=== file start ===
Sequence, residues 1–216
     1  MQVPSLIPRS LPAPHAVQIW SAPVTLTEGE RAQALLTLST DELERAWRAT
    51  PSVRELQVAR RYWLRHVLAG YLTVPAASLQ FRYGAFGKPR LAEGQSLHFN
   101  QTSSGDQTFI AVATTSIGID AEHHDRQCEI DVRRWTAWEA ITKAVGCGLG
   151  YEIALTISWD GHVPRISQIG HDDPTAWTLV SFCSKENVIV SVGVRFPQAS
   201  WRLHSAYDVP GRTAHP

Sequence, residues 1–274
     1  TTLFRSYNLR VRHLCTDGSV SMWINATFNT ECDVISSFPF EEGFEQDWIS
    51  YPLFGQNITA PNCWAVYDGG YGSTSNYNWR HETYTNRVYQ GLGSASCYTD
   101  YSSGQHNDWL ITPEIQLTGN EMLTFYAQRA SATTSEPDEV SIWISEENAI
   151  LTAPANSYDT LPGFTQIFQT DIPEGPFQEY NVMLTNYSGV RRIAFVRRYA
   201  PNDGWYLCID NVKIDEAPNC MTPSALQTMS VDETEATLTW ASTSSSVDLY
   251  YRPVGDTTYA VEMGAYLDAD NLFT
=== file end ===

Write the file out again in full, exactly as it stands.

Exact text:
Sequence, residues 1–216
     1  MQVPSLIPRS LPAPHAVQIW SAPVTLTEGE RAQALLTLST DELERAWRAT
    51  PSVRELQVAR RYWLRHVLAG YLTVPAASLQ FRYGAFGKPR LAEGQSLHFN
   101  QTSSGDQTFI AVATTSIGID AEHHDRQCEI DVRRWTAWEA ITKAVGCGLG
   151  YEIALTISWD GHVPRISQIG HDDPTAWTLV SFCSKENVIV SVGVRFPQAS
   201  WRLHSAYDVP GRTAHP

Sequence, residues 1–274
     1  TTLFRSYNLR VRHLCTDGSV SMWINATFNT ECDVISSFPF EEGFEQDWIS
    51  YPLFGQNITA PNCWAVYDGG YGSTSNYNWR HETYTNRVYQ GLGSASCYTD
   101  YSSGQHNDWL ITPEIQLTGN EMLTFYAQRA SATTSEPDEV SIWISEENAI
   151  LTAPANSYDT LPGFTQIFQT DIPEGPFQEY NVMLTNYSGV RRIAFVRRYA
   201  PNDGWYLCID NVKIDEAPNC MTPSALQTMS VDETEATLTW ASTSSSVDLY
   251  YRPVGDTTYA VEMGAYLDAD NLFT